The Yankees declined Brett Gardner’s $12.5 million option for the 2019 season, which triggered a $2.5 million dollar buyout. The Yankees then signed Gardner to a 1 year $7.5 million dollar contract, saving the Yankees $3 million in the process.
This came as a surprising move considering just how badly Gardner struggled down the stretch. It got so bad towards the end, that Gardner was more or less relegated to the bench after the acquisition of Andrew McCutchen. Gardner in total batted a poor .236, but still managed to have an OBP (On Base Percentage) of .322- Gardner still works the count seeing on average about 4.5 pitches per at bat, and is able to draw walks consistently. But much of Gardner’s value comes not from his bat, but with his glove. Gardner played an excellent left field all year, and is a candidate for the gold glove award. Gardner is also a lifelong Yankee who has been with the team since the 2008 season. The 35 year old outfielder in a statement shortly after the signing was announced shared the sentiment of wanting to finish his career a Yankee.
There is no doubt that Gardner is a leader in the Yankees clubhouse, and there is inherent value in that. Especially to the group of young players the Yankees possess. But Brett Gardner aside, what does this move tell us about the state of the 2019 Yankees outfield? Well for starters, this signing appears to rule out a reunion with trade acquisition Andrew McCutchen who is a Free Agent. In addition, this appears to indicate the Yankees WILL NOT be pursuing the highly touted star Bryce Harper in Free Agency. To complicate matters, the Yankees still have Jacoby Ellsbury under contract for 2 years at $47 million dollars. Unfortunately for Ellsbury, it appears he has no spot on the team. The Yankees as of now have 4 outfielders who are essentially guaranteed to be on the MLB roster come April, those are Aaron Judge, Aaron Hicks, Giancarlo Stanton, and Brett Gardner. Ellsbury slots in at the 5th spot on the depth chart, and it is extremely unlikely that the Yankees choose to carry a 5th outfielder at the MLB level. There simply aren’t enough at bats to justify carrying a 5th.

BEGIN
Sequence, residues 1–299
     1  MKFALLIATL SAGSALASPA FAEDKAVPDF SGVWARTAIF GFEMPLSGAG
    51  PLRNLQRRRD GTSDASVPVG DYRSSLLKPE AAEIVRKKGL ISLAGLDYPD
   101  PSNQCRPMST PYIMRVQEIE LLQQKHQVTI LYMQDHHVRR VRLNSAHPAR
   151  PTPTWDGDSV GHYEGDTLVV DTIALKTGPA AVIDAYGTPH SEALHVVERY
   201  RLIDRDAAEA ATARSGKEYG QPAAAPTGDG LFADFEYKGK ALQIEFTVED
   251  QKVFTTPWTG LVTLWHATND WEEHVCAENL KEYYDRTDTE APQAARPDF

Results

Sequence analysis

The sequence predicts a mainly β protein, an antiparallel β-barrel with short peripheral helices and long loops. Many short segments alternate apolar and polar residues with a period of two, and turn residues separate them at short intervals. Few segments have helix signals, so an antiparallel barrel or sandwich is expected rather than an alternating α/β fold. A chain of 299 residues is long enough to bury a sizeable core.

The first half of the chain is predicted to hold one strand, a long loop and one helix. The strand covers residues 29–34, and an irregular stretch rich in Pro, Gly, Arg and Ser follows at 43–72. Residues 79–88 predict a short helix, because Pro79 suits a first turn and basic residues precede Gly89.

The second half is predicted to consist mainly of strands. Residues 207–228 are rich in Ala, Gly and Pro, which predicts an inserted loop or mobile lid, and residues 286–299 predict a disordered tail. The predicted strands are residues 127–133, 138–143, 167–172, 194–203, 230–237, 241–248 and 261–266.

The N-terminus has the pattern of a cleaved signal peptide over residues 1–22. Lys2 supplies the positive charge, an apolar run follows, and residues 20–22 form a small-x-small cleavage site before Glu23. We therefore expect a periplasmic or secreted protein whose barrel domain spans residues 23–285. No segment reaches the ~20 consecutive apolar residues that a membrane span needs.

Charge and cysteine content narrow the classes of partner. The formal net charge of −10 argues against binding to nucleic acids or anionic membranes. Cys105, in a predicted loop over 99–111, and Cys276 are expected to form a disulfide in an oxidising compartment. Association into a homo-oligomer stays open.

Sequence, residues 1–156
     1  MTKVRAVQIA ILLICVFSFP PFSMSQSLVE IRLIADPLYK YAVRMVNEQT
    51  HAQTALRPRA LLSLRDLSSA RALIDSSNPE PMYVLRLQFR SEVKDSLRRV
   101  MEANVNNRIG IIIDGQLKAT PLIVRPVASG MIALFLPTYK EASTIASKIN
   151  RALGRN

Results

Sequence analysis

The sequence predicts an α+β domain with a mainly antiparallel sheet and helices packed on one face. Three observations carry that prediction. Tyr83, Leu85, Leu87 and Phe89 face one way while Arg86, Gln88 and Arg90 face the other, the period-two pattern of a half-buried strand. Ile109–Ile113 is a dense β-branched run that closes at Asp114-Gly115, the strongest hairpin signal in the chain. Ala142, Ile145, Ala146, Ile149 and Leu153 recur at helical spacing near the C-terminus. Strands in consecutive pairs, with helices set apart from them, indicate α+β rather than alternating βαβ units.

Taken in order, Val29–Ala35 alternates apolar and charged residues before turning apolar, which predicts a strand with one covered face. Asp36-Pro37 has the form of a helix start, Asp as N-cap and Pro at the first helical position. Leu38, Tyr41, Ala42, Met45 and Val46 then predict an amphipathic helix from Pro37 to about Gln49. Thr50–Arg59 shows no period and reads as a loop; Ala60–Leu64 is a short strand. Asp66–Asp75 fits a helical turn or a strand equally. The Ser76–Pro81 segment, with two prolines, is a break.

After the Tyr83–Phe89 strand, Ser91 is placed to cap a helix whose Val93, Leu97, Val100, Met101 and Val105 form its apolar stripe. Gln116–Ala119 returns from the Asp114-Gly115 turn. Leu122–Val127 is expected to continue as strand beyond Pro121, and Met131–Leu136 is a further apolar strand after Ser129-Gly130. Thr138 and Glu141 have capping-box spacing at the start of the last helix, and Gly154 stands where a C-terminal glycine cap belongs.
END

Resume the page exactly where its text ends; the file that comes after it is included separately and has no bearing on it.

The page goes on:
This more than likely means that Ellsbury has already played his final game as a Yankee.The Yankees have 2 options, either they can outright cut him and pay $47 million for him to go away. Or they can attempt to trade him, bad contract for bad contract, assuming Ellsbury is willing to waive his full no trade clause and that a team is interested to begin with.Either way, the Yankees are on the hook for a lot of money for a player that figures to play no role on the MLB team. This means that the Yankees 5th outfielder on the depth chart would be Clint Frazier. Frazier is a young, controllable, highly touted outfield prospect who the Yankees have seen at the MLB level in abbreviated stints. Last year he was plagued by concussion issues, but the Yankees are hopeful he will be ready for spring training. Frazier stands to act as a solid outfielder waiting in the wings at AAA should the Yankees have an injury to one of the other 4 outfielders.
The Yankees still have one of the most dynamic outfields in all of the MLB. They have two sluggers in Judge and Stanton, The switch hitting Hicks who plays a superb defense, and finally the clubhouse leader Gardner. Gardner figures to see less playing time this year in an attempt to keep him fresh, and you should see Stanton more often in left field. It isn’t until next offseason that the Yankees have some serious decisions to make regarding the future of the outfield, as Gardner and Hicks are due to be Free Agents. But lets not get too far ahead of ourselves, we still have the whole 2019 season to see these outfielders have their fun. And just like last year, this group of outfielders will continue to torment opposing teams both defensively and offensively going into next season, and quite possibly for many years to come.
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